After explaining how to obtain and install the necessary software, Writing Apache Modules begins with an overview of how the server processes a request from a web browser and the many stages at which its usual behaviour can be modified. From the start the examples are both practical and powerful: an extensible server side include language is one of the first! The explanations are excellent, developing the program 'in-line' in the text. The conciseness of Perl makes this particularly effective as the short blocks of code do not break up the flow of the text. Some of the implementations are simply dazzling: if you need a master class in using Perl then look no further.
Standard headers and dynamic menu bars are obvious uses for content handlers and after a few of these the book moves on to specific techniques such as preserving state in the stateless HTTP protocol and making efficient use of databases. This is one occasion when the Windows implementation has an advantage as it is a single, multi-threaded process. On UNIX, there is no guarantee that consecutive requests from the same client will be handled by the same server process, which makes life a little complicated. Privacy issues are well dealt with, especially since they are something which the web, by design, is not very good at.
This leads naturally into access control, authentication and authorisation. The examples are not just the obvious authentication against different databases, but include a system for dynamically blocking clients, presumed to be robots, which send requests at too high a rate. For the ultimate in transparent authentication there is even an explanation of how to use a user's SSL certificate to avoid the traditional password process entirely. Finding an authority to issue user certificates is left to the reader: this seems to be hard even for Perl gurus! Authentication is an even greater problem for sites which use multiple servers to share the load, so the chapter ends with a system for a ticket based authentication server which the servers may query. This is the longest example in the book at about 300 lines, including the client.
Modules for the remaining Apache phases have less detailed explanation on the reasonable basis that readers will be more expert by this time. For serious vanity publishers there is a logging module which sends an e-mail whenever a page is accessed (don't even think about using this on a public server!), as well as many more practical ideas. Apache is not just a web server and adding modules to its proxy server mode can produce interesting effects. An example shows how to replace banner adverts by less intrusive graphics: the same techniques could be used to remove or replace other undesirable content too.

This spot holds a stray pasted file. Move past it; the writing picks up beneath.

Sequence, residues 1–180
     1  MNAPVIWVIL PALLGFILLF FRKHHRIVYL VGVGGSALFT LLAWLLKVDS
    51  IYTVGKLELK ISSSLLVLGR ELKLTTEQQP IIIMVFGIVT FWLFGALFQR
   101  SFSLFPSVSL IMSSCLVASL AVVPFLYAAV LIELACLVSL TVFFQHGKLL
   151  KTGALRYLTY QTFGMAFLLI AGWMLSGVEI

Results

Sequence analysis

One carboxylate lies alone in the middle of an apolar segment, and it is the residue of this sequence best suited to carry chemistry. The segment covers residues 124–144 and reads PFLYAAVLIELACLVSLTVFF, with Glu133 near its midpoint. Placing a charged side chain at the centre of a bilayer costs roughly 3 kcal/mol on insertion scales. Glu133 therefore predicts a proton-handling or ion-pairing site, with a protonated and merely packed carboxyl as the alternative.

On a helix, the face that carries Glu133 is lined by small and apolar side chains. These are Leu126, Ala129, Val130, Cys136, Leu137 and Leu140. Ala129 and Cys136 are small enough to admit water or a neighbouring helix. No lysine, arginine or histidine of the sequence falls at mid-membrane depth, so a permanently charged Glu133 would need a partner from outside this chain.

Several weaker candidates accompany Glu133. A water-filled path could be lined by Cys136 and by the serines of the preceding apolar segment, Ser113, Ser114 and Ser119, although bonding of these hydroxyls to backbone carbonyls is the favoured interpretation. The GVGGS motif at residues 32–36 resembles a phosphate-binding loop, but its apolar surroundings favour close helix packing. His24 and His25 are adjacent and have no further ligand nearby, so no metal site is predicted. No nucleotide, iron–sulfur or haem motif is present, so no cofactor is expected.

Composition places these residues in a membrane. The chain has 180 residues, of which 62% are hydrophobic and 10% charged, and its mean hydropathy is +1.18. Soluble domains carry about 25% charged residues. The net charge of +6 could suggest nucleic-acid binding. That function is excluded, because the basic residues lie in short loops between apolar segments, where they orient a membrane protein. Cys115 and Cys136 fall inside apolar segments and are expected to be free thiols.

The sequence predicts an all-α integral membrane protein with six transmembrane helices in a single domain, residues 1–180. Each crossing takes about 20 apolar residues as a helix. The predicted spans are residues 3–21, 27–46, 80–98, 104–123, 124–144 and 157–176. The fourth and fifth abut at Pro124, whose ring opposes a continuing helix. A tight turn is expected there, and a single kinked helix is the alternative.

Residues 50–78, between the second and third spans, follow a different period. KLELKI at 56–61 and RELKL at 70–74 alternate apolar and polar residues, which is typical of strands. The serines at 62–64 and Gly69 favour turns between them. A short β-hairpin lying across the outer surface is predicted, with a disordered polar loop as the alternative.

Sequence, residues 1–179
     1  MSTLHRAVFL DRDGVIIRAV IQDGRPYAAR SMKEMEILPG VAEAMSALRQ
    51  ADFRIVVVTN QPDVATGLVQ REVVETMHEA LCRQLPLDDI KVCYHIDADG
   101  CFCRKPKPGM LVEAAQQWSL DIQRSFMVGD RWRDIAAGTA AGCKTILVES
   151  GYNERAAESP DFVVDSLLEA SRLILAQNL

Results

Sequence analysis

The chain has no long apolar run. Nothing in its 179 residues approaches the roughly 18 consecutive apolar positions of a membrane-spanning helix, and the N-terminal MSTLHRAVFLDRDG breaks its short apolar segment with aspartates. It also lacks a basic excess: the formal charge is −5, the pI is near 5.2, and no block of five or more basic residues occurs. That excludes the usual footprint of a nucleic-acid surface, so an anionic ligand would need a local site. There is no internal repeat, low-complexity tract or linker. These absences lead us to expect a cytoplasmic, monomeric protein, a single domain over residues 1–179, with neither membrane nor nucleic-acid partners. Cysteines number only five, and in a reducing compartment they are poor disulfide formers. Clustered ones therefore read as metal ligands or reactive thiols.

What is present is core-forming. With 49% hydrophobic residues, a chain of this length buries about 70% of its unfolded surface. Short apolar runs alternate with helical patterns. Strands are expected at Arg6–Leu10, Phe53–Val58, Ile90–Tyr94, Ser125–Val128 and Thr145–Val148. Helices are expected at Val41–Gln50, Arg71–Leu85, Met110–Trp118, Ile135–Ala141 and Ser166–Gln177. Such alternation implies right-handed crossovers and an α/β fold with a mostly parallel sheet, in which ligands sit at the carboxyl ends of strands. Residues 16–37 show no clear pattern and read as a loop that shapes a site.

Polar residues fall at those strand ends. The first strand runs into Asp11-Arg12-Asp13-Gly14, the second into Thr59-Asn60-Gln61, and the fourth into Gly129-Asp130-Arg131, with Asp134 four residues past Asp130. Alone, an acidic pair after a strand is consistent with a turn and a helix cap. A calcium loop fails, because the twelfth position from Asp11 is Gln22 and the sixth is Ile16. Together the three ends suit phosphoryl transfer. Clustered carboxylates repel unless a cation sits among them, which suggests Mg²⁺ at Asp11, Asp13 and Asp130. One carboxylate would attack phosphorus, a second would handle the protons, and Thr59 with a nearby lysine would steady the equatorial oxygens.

Not satisfied with replacing every phase of the server with Perl modules, the last set of examples show how Perl can even be used in the Apache configuration file. I wish I had known about this when laboriously maintaining a dozen virtual servers using plain Apache directives! The most complicated programming is involved in defining new directives, using Perl of course, but slowly working through the example makes the process clear. Finally there are nearly three hundred pages of reference material covering the programming interfaces for both Perl and C - the latter includes yet more examples where techniques are not simply translations of the Perl idiom - and a directory of other modules which may be of interest. One of these allows authors to include Perl fragments in their HTML pages as a superior version of Active Server Pages: the language really does get everywhere.
The second edition of Apache: The Definitive Guide now deserves its title. Whether you are looking for an explanation of how Apache works, a demonstration of the power of Perl or the ingenuity of its users, Writing Apache Modules is unmissable.
Andrew Cormack is speaking for himself, and no-one else.
(Review by Adrian Cummings)
It seems the way of the world is that software that once used to come with a decent set of manuals is now only supplied with a CD-ROM containing documentation. If you're really lucky it will be indexed and in HTML. All of this must be good news for book publishers as it opens up a new market - namely that of supplying the manuals that really should have come with the software.
For once here is a welcome and useful SQL manual section. While in other books such a section often just appears to be included to add bulk to the book, this list of SQL is tailored to the commands used primarily for administration.
The various initialisation parameters are given and described, along with the releases they apply to. The data dictionary receives a similarly thorough treatment with coverage extending to the dynamic performance tables.
There are also brief descriptions of the more useful commands that a DBA may use, including such stalwarts as SQL*Plus, exp, imp and sqlldr.
Other areas such as tuning, security and the use of SQL*Plus are covered in overview. This level of coverage is entirely appropriate as there are books in both the O'Reilly and Oracle Press series specifically on these topics.
This is another good work from the O'Reilly stable combining the most useful sections of the manuals that Oracle supply on a CD. Another welcome addition to the "orange" section of the bookshelf.
Adrian Cummings is the curator of a fine collection of databases at the University of Manchester.
(Review by Gavin Inglis)
This is another one of those books which is equally effective as a thrown weapon or learning tool. Clocking in at well over 1000 pages plus a CD-ROM, it starts at the basics and goes right up to JDBC connectivity and the standard extension APIs.
The project seems to have grown from Lemay's Learning Java in 21 days book, retaining the same core structure. Each chapter is made up of a number of lessons and a quiz follows each. New information is presented in easily digestible chunks and the regular assessments prevent a reader from getting tired and pressing on without absorbing the material. On the negative side it becomes apparent after a few chapters that this is a rewrite, with occasional small mismatches between the quizzes and the text, and in variable names within examples.